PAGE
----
As we recently introduced a weekly music program at Islington Village, we thought we’d include and introduce some background information about music and its capacity to fosters all domains of children's skills. Creativity tends to define colouring, painting, and drawing. However, in the early learning context it actually includes all types of expression.
Music is a natural outlet for creativity and self-expression. The sheer joy of making music in a group promotes socialization and a wonderful feeling of belonging.
It can bring shy children out of their shells and calm more energetic personalities. Music has a great influence on the character and aura of the classroom as well, as we use quieter calming music to relax and tone down extremely busy play.
Music can stimulate slower learners and help attention–challenged children focus. For many of us, singing is the most natural way to express ourselves musically.
Singing often occurs in the context of learning a song, which involves listening, remembering words, understanding words, pronouncing words, remembering, and singing a tune – and coordinating all these skills in a very short period of time, which is outlined as a cognitive skill for all age groups.
However, many children will not participate in singing activities, either due to cultural influences or innate personality traits; cueing immediate thoughts of those more shy children in the classroom or at home. Rather than simply singing, it is important to apply all areas of expression, for example using instruments and rhythm, for those that are not interested in singing.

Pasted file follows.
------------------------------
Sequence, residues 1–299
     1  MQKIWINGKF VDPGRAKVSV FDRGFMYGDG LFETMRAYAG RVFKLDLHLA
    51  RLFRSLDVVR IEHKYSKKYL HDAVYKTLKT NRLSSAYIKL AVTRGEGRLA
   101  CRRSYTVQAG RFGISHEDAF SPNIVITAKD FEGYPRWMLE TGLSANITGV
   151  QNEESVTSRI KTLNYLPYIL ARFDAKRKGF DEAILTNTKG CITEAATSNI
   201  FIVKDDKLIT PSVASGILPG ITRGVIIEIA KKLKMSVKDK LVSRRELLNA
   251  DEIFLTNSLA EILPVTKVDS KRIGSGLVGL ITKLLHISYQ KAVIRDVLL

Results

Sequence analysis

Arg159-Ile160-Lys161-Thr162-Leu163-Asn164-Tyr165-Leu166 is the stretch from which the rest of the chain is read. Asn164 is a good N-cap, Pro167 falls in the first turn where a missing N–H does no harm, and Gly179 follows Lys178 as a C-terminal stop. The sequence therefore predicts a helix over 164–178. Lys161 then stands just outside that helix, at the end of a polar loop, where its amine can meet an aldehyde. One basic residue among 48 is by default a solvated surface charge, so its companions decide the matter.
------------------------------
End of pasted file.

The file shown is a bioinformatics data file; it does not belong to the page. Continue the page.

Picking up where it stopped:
Instrumental experiences include more than social skills, also involving more fine and gross motor movement, in some cases, and coordination, outlined as a physical skill. Music is a vital part of children’s lives, and when they can make music themselves, it is immensely satisfying for them, emotionally gratifying as well. Rhythm instrument activities are a wonderful way to share the joy and excitement of music with young children.
Some varying ways to include and experience rhythm music and expression using shakers:
(turn on a cd of instrumental music with a steady beat. Have the children copy you as you play the shaker in different ways)
• Tap shaker into the palm of your other hand
• Hold shaker upside down and shake
• “Rub” shaker on the floor
• Shake high in the air
• Rub shaker on arm
• Hold shaker horizontally in both hands and shake
• Shake “out and in” – hold arm straight out in front, then bring it back in
• Make circles in the air with the shaker
• Shake up and down
• Shake side to side
• Shake shaker behind your back
• Rub shaker on your tummy
• Gently tap shaker on your shoe